• Administrative medical readiness data linked to medical records on injury and other conditions: Medically Not Ready data and electronic medical records are linked to identify leading specific health outcomes that are barriers to SMR, information that informs clinical and prevention planning.
  • Surveillance reports for key medical outcomes (deaths, disabilities, and medical encounters): Existing medical and administrative data provide information that can be used to guide decisions regarding next steps for addressing leading causes of injury and barriers to medical readiness.

Among the Army active duty population, injury is a leading cause of medical encounters with over 1.3 million medical encounters due to acute injuries and chronic musculoskeletal conditions annually (Defense Medical Surveillance System, 2012). Identification and evaluation of injury prevention (IP) and human performance optimization (HPO) programs are vital to reducing injury rates and improving physical fitness.

The Army is currently evaluating promising injury prevention and human performance optimization initiatives in training and operational environments.

  • Initial Entry Training Soldier Athlete Initiative: provides company-level injury surveillance to assist Army leadership with identification of units with effective injury prevention program (i.e. those with consistently lower injury rates).
  • Evaluation of Physical Fitness Training in Operational Units: the Army Public Health Center Injury Prevention Program is leading efforts to evaluate the effects of unit-based physical training programs on injury rates and physical fitness within operational units.

 More information on injury prevention and physical fitness and training.

Identifying injuries quickly is important so that appropriate care and management can be initiated as soon as possible, preventing further complications. The ultimate goal of early identification and treatment of injuries is to maximize the Soldier's function. Unit-based and MTF-based programs provide early identification and management of injuries, return Soldiers to duty quickly, and optimize a medically ready force.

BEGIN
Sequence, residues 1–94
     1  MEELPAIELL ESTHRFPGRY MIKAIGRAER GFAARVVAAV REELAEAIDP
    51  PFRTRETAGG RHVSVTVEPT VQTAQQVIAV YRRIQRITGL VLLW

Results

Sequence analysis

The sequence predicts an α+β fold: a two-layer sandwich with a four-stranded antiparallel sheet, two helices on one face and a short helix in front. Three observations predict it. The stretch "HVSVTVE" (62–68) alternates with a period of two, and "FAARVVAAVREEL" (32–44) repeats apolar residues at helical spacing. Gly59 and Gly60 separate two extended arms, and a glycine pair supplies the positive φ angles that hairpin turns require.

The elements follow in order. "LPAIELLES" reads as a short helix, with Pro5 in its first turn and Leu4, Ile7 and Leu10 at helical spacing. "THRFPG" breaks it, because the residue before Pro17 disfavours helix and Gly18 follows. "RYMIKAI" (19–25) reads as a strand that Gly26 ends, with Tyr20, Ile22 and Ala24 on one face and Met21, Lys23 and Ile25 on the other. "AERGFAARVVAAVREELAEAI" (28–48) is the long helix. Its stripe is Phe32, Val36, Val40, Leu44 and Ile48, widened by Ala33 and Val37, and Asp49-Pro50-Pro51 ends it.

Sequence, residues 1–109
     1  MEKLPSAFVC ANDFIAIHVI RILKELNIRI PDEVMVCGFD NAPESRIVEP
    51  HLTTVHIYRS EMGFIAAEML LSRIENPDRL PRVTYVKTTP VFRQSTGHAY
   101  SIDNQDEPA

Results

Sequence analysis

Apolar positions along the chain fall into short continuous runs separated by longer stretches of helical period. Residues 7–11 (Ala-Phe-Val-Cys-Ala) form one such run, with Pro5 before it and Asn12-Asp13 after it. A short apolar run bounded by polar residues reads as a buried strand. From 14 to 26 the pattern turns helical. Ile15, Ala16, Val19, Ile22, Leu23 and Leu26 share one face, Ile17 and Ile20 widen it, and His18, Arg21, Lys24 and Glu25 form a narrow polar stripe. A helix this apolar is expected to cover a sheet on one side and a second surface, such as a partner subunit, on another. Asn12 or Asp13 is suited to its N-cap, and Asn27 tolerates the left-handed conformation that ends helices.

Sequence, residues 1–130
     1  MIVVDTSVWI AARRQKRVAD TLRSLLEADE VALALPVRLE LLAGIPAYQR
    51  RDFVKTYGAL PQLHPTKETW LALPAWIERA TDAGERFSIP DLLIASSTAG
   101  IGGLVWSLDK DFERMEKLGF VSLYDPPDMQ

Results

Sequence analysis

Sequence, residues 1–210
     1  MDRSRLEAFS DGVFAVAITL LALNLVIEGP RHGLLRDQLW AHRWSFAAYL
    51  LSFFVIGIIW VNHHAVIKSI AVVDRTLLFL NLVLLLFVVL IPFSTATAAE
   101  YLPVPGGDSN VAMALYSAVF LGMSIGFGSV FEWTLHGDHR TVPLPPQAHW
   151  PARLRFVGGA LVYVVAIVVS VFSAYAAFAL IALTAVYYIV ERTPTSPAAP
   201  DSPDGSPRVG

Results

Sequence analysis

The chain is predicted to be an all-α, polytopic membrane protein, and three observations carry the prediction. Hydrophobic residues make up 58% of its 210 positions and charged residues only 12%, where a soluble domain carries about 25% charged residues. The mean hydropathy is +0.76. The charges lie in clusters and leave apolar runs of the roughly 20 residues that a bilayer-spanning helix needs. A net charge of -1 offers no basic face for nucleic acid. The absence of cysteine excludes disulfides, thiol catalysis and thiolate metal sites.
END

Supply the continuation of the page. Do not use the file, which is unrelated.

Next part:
• Standardized e-Profile, sick slips, and reconditioning programs: used to facilitate unit physical training and improve communication between providers and unit leaders.
  • Screening and Referral Tools: developed based on best practices and evidence to assist primary care providers in appropriately managing patients with acute injuries and conditions. Learn more about Musculoskeletal Screening and Referral Tools. External Link

The Army is evaluating the effects of Musculoskeletal Action Teams, which are advanced physical training and reconditioning teams at the battalion and brigade levels that aim to reduce or lessen the severity of injuries through early identification and treatment of injuries.

Communication of findings and recommendations provides the link between research and practice necessary to implement effective injury prevention and human optimization programs. Experts from the APHC, the OTSG External Link, and USARIEM External Linkhave formed the SMR-CP Health Promotion and Musculoskeletal Injury Working Group to disseminate scientific information aimed at reducing musculoskeletal injuries to both military and civilian communities.

SMR-CP-Related Courses and Communication Materials

Soldier Medical Readiness Campaign Injury Prevention/Human Performance Optimization Education Series

The SMR-CP IP/HPO Education Series is designed to provide military medical providers and staff, including physical therapists, nurses, and health promotion professionals, with information about a variety of medical readiness topics. The Series consists of quarterly Defense Connect Online (DCO) sessions with two or more presentations from experts in the fields of injury prevention, human performance optimization, and health promotion.

Communication Print Materials & Resources

Visit the APHC Health Information Products e-Catalog to download or order available materials.


News Articles


Related Sites